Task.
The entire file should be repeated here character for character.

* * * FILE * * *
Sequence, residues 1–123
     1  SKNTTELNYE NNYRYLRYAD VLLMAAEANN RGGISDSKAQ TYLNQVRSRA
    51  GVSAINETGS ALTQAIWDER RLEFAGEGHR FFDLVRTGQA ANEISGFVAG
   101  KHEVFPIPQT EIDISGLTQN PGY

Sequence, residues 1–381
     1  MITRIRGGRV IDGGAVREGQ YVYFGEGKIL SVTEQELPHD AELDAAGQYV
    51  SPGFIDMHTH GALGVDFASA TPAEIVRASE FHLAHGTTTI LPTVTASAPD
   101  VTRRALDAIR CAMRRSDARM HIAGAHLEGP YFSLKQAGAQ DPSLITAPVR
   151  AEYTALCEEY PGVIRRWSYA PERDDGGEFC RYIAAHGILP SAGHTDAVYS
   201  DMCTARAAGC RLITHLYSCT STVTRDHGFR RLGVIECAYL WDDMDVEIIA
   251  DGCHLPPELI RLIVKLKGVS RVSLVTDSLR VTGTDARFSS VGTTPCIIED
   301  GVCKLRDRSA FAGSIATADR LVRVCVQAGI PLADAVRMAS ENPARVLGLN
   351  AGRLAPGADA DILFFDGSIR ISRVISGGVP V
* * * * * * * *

Sequence, residues 1–123
     1  SKNTTELNYE NNYRYLRYAD VLLMAAEANN RGGISDSKAQ TYLNQVRSRA
    51  GVSAINETGS ALTQAIWDER RLEFAGEGHR FFDLVRTGQA ANEISGFVAG
   101  KHEVFPIPQT EIDISGLTQN PGY

Sequence, residues 1–381
     1  MITRIRGGRV IDGGAVREGQ YVYFGEGKIL SVTEQELPHD AELDAAGQYV
    51  SPGFIDMHTH GALGVDFASA TPAEIVRASE FHLAHGTTTI LPTVTASAPD
   101  VTRRALDAIR CAMRRSDARM HIAGAHLEGP YFSLKQAGAQ DPSLITAPVR
   151  AEYTALCEEY PGVIRRWSYA PERDDGGEFC RYIAAHGILP SAGHTDAVYS
   201  DMCTARAAGC RLITHLYSCT STVTRDHGFR RLGVIECAYL WDDMDVEIIA
   251  DGCHLPPELI RLIVKLKGVS RVSLVTDSLR VTGTDARFSS VGTTPCIIED
   301  GVCKLRDRSA FAGSIATADR LVRVCVQAGI PLADAVRMAS ENPARVLGLN
   351  AGRLAPGADA DILFFDGSIR ISRVISGGVP V